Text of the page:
At some point and time, almost everyone has had some type of driving education or taken a test in order to obtain their drivers licence. While taking their test, everyone who passed successfully probably paid close attention to how fast they were going and making that complete stop at that stop sign or light. The driver examiner noted the good points and the poor points and made some evaluation on whether or not the driver was successful. The good driver was rewarded with a license if they performed well or failed if they did not do as well. Once you got your license there was not a driving examiner sitting next to you and perhaps the only time where you paid really close attention to how you were driving was when Dad was sitting next to you and you depended on him to let you drive the family car. You knew that your driving habits were being monitored and that there were consequences if there was a poor driving performance. At this time you were aware of a carrot or stick system or a risk and reward system. Basically if there were no concerns, there were no problems. If things did not go as well, well, things did not go very well.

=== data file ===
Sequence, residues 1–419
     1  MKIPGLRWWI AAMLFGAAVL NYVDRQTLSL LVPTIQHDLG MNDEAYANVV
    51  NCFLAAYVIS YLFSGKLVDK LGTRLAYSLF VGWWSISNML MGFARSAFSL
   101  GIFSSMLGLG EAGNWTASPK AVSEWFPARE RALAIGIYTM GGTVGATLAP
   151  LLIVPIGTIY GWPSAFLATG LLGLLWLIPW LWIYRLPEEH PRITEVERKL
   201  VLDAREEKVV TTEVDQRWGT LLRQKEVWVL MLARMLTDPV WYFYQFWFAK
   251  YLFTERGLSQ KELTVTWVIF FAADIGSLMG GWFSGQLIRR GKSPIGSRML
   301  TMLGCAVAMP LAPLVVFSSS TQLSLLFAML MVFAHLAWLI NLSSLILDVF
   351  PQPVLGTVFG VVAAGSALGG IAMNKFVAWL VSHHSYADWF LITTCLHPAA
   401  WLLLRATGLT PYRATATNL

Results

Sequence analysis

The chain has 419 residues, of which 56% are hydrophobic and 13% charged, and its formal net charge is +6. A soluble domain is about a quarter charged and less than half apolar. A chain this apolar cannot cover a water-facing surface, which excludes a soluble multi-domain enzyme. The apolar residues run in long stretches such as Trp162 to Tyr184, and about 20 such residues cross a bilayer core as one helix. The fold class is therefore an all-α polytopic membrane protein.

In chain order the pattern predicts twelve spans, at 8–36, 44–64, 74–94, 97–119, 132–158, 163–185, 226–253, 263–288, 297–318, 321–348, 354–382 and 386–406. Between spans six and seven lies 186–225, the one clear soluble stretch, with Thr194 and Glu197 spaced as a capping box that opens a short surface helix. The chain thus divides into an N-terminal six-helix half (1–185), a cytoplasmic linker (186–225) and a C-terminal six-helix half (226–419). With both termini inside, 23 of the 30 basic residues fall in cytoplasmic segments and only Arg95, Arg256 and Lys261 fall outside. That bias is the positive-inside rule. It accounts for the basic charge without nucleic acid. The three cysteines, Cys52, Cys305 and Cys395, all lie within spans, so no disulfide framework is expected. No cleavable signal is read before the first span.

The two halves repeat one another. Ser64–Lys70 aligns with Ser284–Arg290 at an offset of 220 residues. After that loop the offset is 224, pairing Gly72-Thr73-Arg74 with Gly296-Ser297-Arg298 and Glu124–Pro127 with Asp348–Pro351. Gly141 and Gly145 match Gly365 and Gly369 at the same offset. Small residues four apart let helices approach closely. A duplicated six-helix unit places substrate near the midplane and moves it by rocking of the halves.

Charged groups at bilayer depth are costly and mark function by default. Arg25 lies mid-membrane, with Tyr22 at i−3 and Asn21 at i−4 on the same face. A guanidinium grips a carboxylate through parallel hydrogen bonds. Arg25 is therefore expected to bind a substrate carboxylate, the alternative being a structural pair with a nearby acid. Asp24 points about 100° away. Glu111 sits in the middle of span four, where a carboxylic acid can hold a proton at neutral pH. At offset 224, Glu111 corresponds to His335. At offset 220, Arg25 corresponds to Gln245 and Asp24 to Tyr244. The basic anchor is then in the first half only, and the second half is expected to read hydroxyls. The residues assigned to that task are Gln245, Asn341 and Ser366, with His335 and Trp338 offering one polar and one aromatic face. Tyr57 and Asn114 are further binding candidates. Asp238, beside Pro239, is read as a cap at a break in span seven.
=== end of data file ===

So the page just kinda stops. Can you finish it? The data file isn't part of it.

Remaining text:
It is the police’s job to monitor the driving habits of motorists to make sure that everyone is driving according to the rules of the road. You may liken the traffic cop to the sports referee who tries to keep everything rolling along without anyone interfering with the proper unfolding of the game. At times the referee is looking in another direction and is not able to observe transgressions of the rules and at those times where something is observed, the ref may stop the game and possibly issue some type of penalty. If the referee has made an error there may be the opportunity to ask the sports body to review the circumstances and there will be a determination made if the ref’s observations will be upheld or be dismissed.